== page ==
Using shared server mode eliminates the need for a dedicated server process for each connection. In shared server mode, each client connection request is sent to a dispatcher, which is a process that is responsible for routing requests from connected user processes to a pool of shared server processes and returning the responses back to the appropriate user processes. An idle shared server process picks up a request from a common queue, which means a small number of shared servers can perform the same amount of processing as many dedicated servers. Because the amount of memory required for each user is relatively small, less memory and process management are required, and more users can be supported.

Shared server mode is more efficient at supporting multiple client programs making frequent short-running queries.

About Instance Memory Structure

The sizes of the instance memory structures affect the performance of Oracle Database and are controlled by initialization parameters.

Upon installation, you can choose to let the database manage memory for you automatically, or you can configure some degree of manual memory management. If you configure manual memory management, Oracle Database provides advisors to help you determine appropriate values for memory parameters. For both manual and automatic memory management, Oracle Database sends alerts that identify memory sizing problems that require your attention.

The following sections describe the two important memory areas that you can monitor and size:

See Also:

System Global Area

The System Global Area (SGA) is a shared memory area that contains data and control information for the instance. Multiple users can share data within this memory area and avoid repeated, time-consuming access from a physical disk.

The SGA has several components, as listed in Table 5-2.

Table 5-2 SGA Components

Component Description

Buffer cache

Before any data stored in the database can be queried or modified, it must be read from a disk and stored in memory in the buffer cache. All user processes connected to the database share access to the buffer cache. For optimal performance, the buffer cache should be large enough to avoid frequent disk read and write operations.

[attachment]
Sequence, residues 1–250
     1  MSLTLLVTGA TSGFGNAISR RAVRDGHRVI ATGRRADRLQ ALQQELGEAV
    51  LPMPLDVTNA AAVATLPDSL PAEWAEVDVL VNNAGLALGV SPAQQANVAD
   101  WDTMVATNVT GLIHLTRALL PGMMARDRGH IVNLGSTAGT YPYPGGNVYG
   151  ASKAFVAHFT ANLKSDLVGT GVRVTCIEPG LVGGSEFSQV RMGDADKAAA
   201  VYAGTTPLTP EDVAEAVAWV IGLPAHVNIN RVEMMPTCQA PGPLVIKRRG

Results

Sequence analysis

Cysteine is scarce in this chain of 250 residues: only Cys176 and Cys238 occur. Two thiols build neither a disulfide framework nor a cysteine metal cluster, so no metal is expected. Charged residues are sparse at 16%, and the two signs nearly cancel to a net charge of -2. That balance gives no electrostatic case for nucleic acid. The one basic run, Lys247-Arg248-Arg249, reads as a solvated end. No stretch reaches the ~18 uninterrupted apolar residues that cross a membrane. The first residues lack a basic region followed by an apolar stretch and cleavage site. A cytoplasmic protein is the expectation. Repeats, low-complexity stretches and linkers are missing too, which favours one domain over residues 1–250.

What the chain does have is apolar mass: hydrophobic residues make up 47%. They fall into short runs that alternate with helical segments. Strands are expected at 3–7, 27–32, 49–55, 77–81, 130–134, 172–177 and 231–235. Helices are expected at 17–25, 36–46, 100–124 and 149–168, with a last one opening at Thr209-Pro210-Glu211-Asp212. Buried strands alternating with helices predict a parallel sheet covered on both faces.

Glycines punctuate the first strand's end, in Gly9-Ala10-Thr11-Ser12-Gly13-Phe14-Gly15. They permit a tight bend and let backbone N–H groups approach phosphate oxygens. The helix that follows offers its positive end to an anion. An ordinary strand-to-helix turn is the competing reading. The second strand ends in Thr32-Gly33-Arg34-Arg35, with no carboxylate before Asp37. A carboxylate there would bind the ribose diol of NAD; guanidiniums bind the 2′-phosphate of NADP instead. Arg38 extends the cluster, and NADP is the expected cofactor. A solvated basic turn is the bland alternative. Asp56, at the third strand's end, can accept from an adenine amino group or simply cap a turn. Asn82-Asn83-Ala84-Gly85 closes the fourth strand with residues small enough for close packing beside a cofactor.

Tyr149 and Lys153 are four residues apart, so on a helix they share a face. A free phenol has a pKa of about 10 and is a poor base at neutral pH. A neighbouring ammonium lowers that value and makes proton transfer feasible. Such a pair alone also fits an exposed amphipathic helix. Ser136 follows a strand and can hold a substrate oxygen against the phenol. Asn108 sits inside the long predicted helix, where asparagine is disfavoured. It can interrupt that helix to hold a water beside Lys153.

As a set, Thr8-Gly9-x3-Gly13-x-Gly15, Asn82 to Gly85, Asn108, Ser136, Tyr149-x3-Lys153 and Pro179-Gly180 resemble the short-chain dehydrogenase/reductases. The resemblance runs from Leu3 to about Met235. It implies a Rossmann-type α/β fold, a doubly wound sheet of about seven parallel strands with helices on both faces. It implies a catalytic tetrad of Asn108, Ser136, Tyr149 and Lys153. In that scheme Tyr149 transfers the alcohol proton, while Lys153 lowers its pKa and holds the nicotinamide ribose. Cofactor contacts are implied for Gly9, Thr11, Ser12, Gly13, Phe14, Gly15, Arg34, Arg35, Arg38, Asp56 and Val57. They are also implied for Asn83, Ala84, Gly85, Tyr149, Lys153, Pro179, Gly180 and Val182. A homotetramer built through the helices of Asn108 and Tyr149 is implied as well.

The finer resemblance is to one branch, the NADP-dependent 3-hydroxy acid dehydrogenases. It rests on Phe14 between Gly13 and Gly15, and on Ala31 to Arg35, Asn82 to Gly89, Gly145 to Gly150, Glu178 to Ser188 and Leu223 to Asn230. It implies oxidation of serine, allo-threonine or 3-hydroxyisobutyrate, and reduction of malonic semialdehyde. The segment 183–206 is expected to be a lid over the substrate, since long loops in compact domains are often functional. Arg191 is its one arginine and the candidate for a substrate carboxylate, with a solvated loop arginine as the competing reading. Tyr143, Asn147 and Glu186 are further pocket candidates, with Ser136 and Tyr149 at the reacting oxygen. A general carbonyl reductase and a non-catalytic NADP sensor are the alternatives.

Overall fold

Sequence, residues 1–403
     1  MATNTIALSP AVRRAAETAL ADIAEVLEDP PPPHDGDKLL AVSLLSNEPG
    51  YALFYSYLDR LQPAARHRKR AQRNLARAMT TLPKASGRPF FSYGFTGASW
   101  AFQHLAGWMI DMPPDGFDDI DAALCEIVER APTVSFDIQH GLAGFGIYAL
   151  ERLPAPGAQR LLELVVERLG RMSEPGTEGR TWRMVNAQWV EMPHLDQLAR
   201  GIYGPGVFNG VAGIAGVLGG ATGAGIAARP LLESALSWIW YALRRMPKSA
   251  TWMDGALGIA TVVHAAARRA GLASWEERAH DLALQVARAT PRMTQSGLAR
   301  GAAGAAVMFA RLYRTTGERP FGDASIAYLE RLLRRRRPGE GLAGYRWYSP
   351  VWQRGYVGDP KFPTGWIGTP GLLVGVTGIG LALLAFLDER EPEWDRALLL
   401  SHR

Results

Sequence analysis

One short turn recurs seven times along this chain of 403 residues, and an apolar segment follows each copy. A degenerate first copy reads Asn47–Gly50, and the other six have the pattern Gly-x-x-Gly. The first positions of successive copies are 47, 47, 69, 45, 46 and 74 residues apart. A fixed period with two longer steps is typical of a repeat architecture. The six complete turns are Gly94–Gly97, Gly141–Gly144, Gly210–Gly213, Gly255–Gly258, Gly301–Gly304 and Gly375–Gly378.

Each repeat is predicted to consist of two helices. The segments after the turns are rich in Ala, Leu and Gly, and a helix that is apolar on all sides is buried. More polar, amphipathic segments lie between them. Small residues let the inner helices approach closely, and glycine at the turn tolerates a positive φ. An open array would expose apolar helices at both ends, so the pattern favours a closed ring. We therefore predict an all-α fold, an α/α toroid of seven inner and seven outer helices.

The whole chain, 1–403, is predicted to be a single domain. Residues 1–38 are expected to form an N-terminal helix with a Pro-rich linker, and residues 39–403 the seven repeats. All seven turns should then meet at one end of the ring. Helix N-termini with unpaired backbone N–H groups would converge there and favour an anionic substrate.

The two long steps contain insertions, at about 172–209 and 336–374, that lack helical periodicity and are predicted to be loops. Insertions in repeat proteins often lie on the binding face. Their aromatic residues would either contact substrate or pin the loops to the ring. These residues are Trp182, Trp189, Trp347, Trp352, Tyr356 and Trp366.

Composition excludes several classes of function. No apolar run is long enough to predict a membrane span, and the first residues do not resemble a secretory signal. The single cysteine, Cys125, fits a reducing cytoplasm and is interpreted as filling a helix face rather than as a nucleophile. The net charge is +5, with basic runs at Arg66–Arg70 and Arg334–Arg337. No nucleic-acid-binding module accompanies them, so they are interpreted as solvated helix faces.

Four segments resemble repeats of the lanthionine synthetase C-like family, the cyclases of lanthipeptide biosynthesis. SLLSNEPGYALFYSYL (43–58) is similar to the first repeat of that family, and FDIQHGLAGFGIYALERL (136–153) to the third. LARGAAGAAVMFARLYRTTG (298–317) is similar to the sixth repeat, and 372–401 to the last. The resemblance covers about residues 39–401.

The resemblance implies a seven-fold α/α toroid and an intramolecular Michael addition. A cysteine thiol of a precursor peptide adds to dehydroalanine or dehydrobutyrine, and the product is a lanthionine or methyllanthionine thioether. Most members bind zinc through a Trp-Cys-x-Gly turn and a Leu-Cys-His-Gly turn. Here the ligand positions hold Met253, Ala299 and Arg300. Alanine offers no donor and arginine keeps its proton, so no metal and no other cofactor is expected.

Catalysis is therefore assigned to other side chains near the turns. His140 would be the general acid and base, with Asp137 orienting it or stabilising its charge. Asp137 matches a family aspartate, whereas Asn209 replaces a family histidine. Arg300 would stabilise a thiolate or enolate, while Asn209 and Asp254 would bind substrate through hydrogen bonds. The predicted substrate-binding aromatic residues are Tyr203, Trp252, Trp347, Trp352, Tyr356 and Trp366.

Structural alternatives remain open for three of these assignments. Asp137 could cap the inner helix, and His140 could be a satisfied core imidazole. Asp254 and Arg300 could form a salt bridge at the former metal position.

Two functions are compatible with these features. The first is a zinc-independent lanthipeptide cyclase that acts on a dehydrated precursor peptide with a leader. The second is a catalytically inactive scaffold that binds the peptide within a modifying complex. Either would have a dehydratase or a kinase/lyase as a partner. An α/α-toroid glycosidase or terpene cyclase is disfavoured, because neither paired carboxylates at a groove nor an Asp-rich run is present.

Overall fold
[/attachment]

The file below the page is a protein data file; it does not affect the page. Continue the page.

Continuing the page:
Shared pool

The shared pool caches information that is shared among users:

  • SQL statements that can be reused

  • Information from the data dictionary such as user account data, table and index descriptions, and privileges

  • Stored procedures, which are executable code that is stored in the database

Redo log buffer

This buffer improves performance by caching redo information until it can be written to the physical redo log files stored on disk. Redo information and redo log files are discussed in "About Online Redo Log Files".

Large pool

This optional area is used to buffer large I/O requests for various server processes.

Java pool

The Java pool is an area of memory that is used for all session-specific Java code and data within the Java Virtual Machine (JVM).

Streams pool

The Streams pool is an area of memory that is used by the Oracle Streams feature. For more information about Oracle Streams, see Oracle Streams Concepts and Administration.

Result cache

The result cache buffers query results. If a query is run that already has results in the result cache, the database returns results from the result cache instead of rerunning the query. This speeds up the execution of frequently run queries.

Program Global Area

A Program Global Area (PGA) is a memory area used by a single Oracle Database server process. Each server process has its own PGA.

The PGA is used to process SQL statements and to hold logon and other session information. A large part of the PGA is dedicated to SQL work areas, which are working memory areas for sorts and other SQL operations.

The amount of PGA memory used and the contents of the PGA depend on whether the instance is running in dedicated server or shared server mode. See Oracle Database Concepts for details. See also "About Server and Client Processes" for more information about dedicated server and shared server modes.